If one accepts the view that it is best to tell an agency what to do, rather than how to do it, there are, nonetheless, issues that each agency cannot, and in some cases should not, resolve singly. The most obvious one is the question of whether a particular type of record-keeping system should exist at all; another is whether particular transfers of records among agencies are desirable. Such questions require independent policy judgments and therefore must be addressed by an entity other than the one directly involved. In Chapter 1 of Personal Privacy in an Information Society we enumerated the functions we believe such an independent entity should fulfill.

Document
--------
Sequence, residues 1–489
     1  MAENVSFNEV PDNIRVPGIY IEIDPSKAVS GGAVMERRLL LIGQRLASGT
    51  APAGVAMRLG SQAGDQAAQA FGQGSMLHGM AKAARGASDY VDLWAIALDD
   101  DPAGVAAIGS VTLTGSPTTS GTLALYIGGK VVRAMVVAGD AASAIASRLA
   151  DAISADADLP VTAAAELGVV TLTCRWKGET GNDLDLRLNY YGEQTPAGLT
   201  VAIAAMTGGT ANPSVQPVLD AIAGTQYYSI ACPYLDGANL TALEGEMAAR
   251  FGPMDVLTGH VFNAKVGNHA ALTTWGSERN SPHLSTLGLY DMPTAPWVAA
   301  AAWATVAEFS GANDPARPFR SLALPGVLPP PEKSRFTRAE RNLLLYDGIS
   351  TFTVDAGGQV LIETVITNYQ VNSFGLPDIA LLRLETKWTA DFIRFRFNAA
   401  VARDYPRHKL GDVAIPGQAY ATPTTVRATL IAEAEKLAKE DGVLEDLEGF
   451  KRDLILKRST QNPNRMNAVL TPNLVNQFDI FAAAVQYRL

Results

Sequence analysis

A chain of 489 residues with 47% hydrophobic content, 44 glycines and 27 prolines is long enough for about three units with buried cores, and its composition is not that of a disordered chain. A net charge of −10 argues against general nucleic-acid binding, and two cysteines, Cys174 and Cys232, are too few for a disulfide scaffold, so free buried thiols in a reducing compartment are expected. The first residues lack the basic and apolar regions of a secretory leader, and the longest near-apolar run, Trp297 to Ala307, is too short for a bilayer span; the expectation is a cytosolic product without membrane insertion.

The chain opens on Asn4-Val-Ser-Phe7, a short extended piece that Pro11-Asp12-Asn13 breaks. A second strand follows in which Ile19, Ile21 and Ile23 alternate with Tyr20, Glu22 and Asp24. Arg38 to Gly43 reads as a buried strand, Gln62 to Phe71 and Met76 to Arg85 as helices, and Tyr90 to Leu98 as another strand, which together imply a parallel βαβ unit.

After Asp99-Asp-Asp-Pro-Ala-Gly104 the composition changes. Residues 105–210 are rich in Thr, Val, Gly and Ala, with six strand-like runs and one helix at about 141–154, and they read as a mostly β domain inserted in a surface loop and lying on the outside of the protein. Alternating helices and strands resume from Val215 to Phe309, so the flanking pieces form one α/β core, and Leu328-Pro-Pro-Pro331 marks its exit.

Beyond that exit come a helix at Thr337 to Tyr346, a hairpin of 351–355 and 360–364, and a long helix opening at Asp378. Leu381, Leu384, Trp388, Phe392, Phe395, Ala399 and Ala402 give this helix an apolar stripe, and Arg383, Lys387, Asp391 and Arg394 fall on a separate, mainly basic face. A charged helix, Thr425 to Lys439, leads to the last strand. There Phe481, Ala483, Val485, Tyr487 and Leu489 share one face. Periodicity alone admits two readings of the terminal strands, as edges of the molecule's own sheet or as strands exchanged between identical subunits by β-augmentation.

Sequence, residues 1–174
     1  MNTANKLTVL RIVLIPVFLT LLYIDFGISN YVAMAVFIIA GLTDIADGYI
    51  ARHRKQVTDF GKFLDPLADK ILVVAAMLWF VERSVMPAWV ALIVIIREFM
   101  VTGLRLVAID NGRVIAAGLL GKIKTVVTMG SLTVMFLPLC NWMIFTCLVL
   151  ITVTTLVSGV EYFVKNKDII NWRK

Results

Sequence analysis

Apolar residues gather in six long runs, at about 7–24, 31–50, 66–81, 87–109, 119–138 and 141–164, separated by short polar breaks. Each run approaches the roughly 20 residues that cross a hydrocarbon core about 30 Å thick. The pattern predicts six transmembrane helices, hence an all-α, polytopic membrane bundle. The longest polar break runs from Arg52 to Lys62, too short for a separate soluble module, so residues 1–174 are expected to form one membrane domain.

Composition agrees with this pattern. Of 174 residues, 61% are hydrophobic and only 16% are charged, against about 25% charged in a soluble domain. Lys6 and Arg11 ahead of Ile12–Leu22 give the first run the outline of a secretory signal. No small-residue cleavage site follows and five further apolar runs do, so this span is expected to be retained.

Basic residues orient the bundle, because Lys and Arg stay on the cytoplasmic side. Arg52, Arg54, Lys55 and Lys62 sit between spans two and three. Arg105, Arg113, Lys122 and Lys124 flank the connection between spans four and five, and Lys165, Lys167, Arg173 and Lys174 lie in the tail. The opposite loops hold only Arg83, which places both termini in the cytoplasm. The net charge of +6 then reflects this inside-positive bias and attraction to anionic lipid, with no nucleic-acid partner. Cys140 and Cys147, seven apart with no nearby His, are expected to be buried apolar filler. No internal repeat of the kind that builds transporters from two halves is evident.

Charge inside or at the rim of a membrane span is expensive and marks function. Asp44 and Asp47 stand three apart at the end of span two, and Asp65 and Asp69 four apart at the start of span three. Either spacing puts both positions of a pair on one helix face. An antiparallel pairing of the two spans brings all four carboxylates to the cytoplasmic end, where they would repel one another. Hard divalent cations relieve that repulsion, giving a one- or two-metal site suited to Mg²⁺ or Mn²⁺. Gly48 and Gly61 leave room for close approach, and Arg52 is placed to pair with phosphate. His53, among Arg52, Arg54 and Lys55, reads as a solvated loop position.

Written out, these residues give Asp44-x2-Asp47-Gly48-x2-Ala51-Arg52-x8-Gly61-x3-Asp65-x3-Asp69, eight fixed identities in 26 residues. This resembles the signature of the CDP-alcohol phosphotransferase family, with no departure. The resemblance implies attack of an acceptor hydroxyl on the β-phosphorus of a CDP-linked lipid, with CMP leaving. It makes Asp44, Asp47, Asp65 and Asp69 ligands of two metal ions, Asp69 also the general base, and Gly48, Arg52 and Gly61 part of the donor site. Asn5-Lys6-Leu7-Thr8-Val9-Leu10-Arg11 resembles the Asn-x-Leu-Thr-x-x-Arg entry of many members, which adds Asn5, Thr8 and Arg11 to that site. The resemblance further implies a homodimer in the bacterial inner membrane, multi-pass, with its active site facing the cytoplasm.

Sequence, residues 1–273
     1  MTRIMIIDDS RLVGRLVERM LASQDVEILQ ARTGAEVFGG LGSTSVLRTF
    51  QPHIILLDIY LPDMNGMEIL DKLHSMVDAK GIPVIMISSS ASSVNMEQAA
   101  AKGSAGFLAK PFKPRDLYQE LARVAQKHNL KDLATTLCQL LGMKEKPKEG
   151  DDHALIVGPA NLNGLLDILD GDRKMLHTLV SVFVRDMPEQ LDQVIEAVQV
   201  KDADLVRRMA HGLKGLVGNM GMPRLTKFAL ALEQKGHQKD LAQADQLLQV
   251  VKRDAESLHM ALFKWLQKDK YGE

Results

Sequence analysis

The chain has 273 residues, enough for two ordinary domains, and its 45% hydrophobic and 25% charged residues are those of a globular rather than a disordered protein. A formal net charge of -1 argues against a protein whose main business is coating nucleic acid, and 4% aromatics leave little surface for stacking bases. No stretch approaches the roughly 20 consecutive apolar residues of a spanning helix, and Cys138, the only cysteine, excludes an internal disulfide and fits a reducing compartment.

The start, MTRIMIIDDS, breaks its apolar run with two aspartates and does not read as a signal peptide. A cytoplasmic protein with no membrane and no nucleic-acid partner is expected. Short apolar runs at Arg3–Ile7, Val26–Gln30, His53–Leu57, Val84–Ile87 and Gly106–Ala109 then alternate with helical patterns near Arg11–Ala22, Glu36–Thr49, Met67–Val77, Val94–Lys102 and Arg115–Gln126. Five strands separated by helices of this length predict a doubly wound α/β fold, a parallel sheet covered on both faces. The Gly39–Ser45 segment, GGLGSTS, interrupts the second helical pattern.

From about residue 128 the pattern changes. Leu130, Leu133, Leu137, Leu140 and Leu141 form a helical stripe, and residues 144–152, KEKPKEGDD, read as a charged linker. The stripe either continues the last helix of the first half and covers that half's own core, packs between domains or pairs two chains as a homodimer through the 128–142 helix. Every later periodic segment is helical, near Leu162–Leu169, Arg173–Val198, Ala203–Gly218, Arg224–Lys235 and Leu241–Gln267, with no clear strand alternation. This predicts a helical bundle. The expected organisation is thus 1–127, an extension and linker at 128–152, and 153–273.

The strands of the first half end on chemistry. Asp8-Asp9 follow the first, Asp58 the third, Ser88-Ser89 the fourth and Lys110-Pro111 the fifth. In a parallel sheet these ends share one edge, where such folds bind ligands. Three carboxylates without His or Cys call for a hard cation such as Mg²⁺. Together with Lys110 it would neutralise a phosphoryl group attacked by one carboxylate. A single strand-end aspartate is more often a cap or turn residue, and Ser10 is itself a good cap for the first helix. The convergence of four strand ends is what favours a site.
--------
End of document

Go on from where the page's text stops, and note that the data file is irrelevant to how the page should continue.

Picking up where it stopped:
Finally, it is worth noting that the concerns expressed by the various agencies at the time of the Act's passage regarding anticipated costs of implementation, numbers of access requests, and burden of administration have generally proved to be unwarranted. Cost figures recently released by the Office of Management and Budget (OMB) show expenditures to be much lower than originally estimated. In 1974, OMB estimated that implementing the Act would cost $200-$300 million per year over the first four to five years and would require an additional one time start-up cost of $100 million, which would be expended in the first two years. In 1977, however, OMB estimated that start-up costs in the nine months between the Act's passage and the date it took effect had been $29,459,000, and that an additional $36,599,000 was spent for first-year operating expenses.2